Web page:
Thus far, we have provided more than $1 billion in security assistance to Ukraine. Shipments of defensive weapons are arriving in Ukraine every day from the United States. And we, in the United States, are the ones coordinating delivery of our allies and partners of similar weapons, from Germany to Finland to the Netherlands. We're working that out.
We're also providing humanitarian support for the Ukrainian people, both those still in Ukraine and those who have fled safely to a neighboring country. We are working with humanitarian organizations to surge tens of thousands of tons of food, water, medical supplies into Ukraine and with more on the way.
Over the weekend, I sent Secretary Blinken to visit our border -- the border between Poland and Ukraine and to Moldova, to see what the situation was firsthand and report back.
General Milley, Chairman of the Joint Chiefs of Staff, our Defense Department, is also -- was also in Europe, meeting with his counterparts and allies on NATO's eastern flank to reassure them those countries bordering Russia, the NATO countries, that we will keep our NATO commitment, a sacred commitment of Article 5.
The Vice President Harris will travel to meet with our allies in Poland and Romania later this week as well. I made it clear, the United States will share in the responsibility of caring for the refugees so that the costs do not fall entirely on the European countries bordering Ukraine.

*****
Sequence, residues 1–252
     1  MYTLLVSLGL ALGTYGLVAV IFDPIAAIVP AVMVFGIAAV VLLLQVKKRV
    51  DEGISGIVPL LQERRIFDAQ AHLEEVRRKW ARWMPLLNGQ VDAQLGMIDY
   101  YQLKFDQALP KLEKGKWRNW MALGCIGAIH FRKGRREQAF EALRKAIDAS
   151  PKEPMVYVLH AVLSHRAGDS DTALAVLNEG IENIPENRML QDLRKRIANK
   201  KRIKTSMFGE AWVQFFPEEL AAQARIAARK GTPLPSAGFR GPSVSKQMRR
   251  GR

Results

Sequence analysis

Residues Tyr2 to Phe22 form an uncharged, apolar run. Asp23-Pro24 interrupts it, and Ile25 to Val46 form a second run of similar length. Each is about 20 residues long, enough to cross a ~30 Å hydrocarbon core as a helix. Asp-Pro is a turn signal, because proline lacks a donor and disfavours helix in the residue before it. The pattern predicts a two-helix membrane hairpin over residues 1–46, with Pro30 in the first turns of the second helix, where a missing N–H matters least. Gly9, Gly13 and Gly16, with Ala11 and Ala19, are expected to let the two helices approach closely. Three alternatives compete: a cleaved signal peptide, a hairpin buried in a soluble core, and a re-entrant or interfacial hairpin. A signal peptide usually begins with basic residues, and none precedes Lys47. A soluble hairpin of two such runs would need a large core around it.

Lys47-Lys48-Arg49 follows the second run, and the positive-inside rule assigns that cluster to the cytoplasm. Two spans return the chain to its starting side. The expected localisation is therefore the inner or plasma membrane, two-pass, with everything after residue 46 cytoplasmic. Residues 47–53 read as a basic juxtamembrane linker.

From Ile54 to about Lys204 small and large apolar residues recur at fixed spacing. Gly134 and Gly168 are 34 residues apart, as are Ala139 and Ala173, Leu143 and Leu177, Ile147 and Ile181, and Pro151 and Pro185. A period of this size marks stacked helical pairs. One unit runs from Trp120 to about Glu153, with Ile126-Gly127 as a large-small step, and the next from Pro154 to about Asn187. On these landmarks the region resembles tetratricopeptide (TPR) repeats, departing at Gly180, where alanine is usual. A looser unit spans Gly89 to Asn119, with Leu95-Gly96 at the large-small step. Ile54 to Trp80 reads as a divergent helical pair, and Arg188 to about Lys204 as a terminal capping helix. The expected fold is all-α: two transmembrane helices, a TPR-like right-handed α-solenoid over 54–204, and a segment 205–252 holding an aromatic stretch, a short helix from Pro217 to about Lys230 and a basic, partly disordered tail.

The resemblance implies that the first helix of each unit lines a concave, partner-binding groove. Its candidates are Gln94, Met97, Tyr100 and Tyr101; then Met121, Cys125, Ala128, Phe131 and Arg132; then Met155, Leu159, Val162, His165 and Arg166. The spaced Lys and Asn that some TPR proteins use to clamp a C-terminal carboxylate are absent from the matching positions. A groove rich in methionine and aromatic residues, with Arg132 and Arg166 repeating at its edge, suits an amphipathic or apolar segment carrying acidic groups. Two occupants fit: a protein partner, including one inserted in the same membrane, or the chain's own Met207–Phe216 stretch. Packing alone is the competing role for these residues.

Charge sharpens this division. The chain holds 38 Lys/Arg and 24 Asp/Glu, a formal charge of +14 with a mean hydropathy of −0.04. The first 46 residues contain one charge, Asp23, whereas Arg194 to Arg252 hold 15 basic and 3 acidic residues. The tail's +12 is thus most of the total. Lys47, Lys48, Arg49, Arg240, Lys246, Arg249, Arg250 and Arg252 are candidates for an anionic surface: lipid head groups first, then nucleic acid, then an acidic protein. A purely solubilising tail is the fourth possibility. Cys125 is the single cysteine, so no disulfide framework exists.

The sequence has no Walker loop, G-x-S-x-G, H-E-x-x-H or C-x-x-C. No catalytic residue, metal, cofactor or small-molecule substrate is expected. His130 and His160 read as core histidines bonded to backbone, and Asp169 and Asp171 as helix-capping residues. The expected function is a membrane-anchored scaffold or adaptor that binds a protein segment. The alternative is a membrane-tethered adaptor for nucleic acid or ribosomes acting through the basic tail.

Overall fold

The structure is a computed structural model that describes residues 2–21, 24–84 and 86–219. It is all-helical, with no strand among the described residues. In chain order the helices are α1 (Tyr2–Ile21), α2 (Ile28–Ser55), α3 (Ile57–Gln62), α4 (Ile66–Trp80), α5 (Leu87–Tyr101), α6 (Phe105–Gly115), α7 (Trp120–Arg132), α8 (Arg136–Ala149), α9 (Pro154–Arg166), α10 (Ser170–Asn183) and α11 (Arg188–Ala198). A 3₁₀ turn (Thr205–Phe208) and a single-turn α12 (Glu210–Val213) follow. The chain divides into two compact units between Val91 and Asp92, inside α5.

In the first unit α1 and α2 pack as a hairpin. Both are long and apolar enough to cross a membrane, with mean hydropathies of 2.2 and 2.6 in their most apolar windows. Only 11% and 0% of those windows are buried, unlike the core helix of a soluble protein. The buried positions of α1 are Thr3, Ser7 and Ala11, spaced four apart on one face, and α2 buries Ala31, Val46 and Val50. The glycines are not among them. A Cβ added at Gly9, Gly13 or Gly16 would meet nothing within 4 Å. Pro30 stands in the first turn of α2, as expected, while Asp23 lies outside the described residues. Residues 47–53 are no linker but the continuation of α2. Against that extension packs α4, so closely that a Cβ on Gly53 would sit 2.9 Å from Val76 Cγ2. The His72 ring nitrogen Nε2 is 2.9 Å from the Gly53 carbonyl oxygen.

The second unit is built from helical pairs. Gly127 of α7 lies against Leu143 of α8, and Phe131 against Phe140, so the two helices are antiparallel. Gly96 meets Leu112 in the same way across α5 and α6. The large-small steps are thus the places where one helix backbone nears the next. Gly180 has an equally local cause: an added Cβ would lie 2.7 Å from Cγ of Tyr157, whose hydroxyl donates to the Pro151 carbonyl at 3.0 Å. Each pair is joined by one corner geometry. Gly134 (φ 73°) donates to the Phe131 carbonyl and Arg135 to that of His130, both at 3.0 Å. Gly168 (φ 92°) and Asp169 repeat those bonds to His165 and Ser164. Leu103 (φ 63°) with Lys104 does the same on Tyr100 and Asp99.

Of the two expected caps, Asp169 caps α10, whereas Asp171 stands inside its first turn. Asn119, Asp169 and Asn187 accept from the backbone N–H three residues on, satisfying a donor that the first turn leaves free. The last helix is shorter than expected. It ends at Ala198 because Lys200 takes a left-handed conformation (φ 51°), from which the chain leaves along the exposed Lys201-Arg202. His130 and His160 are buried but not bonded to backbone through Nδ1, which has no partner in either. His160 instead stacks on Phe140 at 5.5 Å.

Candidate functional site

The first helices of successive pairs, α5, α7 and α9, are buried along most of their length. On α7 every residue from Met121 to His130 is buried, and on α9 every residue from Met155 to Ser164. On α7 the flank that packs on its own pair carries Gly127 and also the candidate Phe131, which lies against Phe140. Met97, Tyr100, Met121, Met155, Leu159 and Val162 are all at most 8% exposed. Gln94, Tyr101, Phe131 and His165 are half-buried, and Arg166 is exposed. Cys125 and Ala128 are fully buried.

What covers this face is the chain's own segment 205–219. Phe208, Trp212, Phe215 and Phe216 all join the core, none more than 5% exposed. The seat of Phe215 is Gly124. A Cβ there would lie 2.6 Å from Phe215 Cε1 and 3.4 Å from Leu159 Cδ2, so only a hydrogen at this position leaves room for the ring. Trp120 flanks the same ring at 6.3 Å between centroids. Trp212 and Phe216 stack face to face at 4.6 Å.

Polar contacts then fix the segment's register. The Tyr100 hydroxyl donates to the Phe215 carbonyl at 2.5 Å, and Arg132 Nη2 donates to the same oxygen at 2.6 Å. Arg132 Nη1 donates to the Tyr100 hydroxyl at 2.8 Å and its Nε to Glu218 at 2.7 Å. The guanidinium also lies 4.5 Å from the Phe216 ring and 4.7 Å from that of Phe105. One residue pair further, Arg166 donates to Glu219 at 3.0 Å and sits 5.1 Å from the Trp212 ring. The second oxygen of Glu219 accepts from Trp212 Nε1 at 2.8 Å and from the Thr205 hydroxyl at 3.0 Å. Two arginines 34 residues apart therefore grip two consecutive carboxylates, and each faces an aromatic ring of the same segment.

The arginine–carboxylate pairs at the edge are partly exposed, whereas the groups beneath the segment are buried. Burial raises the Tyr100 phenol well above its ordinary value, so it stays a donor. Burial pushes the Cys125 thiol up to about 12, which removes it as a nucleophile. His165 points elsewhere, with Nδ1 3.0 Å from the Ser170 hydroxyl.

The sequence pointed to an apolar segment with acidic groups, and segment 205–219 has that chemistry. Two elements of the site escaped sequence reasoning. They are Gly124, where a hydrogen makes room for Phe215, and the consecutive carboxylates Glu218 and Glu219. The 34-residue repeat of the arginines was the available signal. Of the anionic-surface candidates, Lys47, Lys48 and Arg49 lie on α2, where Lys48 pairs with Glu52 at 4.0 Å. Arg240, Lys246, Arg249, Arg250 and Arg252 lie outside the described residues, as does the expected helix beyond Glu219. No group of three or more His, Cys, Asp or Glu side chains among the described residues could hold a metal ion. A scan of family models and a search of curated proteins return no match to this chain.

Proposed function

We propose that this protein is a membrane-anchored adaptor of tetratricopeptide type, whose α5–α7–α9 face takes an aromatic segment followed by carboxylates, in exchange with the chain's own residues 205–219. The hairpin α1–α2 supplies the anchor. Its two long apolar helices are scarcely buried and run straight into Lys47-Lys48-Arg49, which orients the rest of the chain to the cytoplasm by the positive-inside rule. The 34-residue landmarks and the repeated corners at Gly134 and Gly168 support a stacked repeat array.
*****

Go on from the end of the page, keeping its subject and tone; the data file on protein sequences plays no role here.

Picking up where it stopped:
And yesterday, I spoke with my counterparts in France, Germany and the United Kingdom about Russia's escalating violence against Ukraine and the steps that we're going to take, together with our allies and partners around the world, to respond to this aggression.
We are enforcing the most significant package of economic sanctions in history and it's causing significant damage to Russia's economy. It has caused Russian economy to, quite frankly, crater. The Russian ruble is now down to 50 percent, by 50 percent since Putin announced his war.
One ruble is now worth less than one American penny. One ruble, less than one American penny and preventing Russia's central bank from propping up the ruble and to keep its value up.
They're not going to be able to do that now. We cut the Russians' largest banks from the international financial system and it's crippled their ability to do business with the rest of the world.